Avoid using IDEs for programming - if you are an absolute beginner

Why should you not use IDEs when you are starting your journey in programming?


Sushant Ranjan

2 years ago | 3 min read

When I started learning my first programming language, my teacher told me to try to do more programming on paper and depend less on IDEs. I didn’t realize the importance of it at that time. Now that I look back I realize she was right. And that is what serves as motivation for this article.

So, are you thinking of getting into tech through programming? Or planning to learn a new programming language? Or simply want to build cool stuff through coding? The usual first step almost every course will tell you - Install the IDE for that language. IDEs are super useful for maintaining large code files, debugging, even writing code. But if you are just starting your programming journey and have taken the first step into this world, my advice - don’t install an IDE.

At first glance that sounds a bit counterintuitive, doesn’t it? Why wouldn’t anyone install the support structure for learning a new language? Borrowing from Zed Shaw’s Learning Python the Hard Way - “Do not use an Integrated Development Environment while you go through this book”. He mentions it only for his book but I suggest you consider it for any language you plan to learn.

The reason I am suggesting such a weird thing is because IDEs are supposed to support you in your life as a developer. But when you use them while learning the basics they tend to become the crutches on which the entire weight of your coding skill hangs upon. Let’s look at some of the “features” of modern IDEs that actually hamper a newbie:

  • You need to learn the basic keywords, get into the habit of typing code, and above all build your muscle memory by writing basic programs so that tomorrow when you look at a blank screen you know what it is you are going to type, why you are doing it, and how you plan to proceed. Modern IDEs tend to autocomplete/autosuggest language specific keywords, variable names on the fly. While this reduces the amount of typos you make, it also reduces the chance of you learning from your mistakes.
  • IDEs today have become very advanced. They don’t just beautify your code and provide good indentation. They keep checking your code as you type it and throw errors even before you are finished with the code, for e.g. missing parenthesis. This is all well and good for a developer in a rush to release a new product and or someone trying to fix a bug. But as a newbie you want to be able to figure these things out for yourself. They help you grow as a developer.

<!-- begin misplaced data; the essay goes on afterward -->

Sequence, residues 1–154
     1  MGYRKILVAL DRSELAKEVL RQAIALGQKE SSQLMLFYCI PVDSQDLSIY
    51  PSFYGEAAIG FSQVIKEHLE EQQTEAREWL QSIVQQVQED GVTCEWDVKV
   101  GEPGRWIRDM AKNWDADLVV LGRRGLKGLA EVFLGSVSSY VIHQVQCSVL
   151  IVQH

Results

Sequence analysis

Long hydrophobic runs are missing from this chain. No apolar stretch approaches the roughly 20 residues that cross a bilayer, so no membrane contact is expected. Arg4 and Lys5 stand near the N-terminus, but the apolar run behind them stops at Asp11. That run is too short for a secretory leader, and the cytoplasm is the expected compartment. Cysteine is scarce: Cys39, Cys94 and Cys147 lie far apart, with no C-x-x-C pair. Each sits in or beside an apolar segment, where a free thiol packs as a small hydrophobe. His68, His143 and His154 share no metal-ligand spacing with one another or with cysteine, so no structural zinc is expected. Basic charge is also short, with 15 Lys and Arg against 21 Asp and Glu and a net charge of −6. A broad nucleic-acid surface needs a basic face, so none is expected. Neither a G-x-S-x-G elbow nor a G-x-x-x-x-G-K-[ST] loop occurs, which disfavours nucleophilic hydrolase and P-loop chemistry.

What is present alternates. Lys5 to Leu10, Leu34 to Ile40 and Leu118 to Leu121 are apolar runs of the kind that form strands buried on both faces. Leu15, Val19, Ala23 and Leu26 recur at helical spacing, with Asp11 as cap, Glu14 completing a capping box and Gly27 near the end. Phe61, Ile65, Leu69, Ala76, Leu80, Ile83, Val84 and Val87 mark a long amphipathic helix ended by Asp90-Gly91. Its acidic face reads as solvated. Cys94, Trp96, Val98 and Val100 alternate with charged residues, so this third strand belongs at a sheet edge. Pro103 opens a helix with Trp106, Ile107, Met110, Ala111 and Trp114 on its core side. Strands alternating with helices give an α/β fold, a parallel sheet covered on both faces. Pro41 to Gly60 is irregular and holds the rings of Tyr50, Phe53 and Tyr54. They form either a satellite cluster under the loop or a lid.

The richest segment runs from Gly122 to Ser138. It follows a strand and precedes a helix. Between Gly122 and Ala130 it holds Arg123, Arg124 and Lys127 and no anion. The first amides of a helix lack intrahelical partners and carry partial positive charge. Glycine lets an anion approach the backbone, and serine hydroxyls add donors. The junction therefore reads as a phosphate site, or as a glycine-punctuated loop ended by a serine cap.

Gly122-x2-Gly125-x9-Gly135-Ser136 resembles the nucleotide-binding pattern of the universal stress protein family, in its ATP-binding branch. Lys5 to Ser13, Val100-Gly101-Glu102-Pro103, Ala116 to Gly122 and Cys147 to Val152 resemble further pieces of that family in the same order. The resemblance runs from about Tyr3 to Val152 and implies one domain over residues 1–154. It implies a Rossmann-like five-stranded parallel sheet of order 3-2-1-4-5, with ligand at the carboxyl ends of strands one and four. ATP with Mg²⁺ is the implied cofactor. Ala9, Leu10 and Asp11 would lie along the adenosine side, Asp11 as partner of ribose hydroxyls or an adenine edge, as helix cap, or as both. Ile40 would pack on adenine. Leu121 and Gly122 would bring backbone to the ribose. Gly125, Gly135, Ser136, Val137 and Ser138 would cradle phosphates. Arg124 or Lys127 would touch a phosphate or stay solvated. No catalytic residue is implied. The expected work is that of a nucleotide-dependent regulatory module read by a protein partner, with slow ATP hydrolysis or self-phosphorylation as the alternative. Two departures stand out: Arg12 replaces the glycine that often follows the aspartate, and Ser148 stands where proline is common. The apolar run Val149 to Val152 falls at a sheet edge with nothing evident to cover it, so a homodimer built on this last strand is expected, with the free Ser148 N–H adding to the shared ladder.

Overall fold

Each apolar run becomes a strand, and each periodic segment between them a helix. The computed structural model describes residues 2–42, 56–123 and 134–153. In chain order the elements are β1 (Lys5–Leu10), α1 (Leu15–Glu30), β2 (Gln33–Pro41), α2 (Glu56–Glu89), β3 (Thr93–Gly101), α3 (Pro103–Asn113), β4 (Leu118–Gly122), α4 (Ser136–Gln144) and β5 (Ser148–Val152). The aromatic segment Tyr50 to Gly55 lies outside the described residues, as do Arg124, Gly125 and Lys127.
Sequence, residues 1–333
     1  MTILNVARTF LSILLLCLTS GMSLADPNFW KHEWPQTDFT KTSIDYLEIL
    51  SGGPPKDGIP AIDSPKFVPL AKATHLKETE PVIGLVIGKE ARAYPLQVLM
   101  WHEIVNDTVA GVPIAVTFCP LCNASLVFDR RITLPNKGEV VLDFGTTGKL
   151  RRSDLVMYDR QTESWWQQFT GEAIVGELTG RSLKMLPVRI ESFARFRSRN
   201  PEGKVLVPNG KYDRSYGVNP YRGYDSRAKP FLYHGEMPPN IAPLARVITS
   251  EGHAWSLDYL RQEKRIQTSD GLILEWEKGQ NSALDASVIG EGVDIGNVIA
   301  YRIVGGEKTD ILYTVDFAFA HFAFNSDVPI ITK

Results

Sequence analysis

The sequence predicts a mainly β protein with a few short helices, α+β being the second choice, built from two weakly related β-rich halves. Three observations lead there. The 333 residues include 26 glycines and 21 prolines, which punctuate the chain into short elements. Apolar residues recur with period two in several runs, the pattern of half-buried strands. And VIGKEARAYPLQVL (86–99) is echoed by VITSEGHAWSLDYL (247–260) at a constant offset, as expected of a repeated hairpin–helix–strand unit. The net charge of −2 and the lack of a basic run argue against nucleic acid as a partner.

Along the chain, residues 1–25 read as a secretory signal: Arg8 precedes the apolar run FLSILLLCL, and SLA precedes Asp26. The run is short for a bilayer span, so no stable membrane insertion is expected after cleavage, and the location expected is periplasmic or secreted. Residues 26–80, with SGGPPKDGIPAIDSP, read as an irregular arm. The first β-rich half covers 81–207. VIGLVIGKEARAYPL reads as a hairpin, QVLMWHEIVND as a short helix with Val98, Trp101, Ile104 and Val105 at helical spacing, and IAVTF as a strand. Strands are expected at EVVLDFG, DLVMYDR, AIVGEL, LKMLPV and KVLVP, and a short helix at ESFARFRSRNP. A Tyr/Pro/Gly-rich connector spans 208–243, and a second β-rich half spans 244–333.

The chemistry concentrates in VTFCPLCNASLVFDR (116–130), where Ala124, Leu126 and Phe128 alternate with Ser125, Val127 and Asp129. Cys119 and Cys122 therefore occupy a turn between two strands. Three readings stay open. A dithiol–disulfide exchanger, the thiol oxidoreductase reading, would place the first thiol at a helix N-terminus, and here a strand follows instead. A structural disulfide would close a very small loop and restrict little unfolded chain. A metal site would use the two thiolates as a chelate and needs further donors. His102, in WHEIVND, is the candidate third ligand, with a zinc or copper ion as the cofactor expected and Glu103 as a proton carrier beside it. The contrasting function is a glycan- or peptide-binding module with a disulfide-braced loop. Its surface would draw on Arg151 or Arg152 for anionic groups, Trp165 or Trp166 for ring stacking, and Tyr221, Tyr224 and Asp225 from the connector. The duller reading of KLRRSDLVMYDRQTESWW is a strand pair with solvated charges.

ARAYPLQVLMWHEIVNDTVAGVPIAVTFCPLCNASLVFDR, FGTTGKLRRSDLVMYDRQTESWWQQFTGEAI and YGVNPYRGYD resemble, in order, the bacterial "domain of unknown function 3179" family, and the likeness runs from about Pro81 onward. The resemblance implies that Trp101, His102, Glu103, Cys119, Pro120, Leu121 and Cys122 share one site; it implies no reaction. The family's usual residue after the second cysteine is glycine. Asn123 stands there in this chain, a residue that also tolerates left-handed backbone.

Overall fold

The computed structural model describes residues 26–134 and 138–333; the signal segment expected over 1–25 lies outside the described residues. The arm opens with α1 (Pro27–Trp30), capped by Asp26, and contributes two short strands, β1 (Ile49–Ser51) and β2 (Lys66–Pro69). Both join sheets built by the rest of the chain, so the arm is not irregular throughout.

• Then comes the learning curve of the IDE. You don’t want to be worried about how to run the IDE, what extensions to install, how to resolve any issues with the IDE itself etc. As a beginner in the world of coding you want to focus your entire attention onto the language, it’s syntax, and semantics.

If IDEs have so many long term effects then why do most developers suggest them? Simple, it makes their lives easier. But they are seasoned developers. They have already done the hard work learning the language. Now they are doing the smart work to get more efficient.

Your brain should train for the programming needs. Not for the IDE.

Now the question arises, what should one use when starting out in the exciting world of coding. My suggestion is, any regular text editor is good enough to start learning any programming language as it helps build confidence in the language that you are learning and have a better future.

This is my take on the use of IDEs while learning to code. Do share your experience in the comments section. I will be writing more articles on learning to code. Follow this blog to stay updated. If there is any specific topic you want me to write on, let me know in the comments.


Created by

Sushant Ranjan

Writing about my learning journey while looking for frontend dev positions







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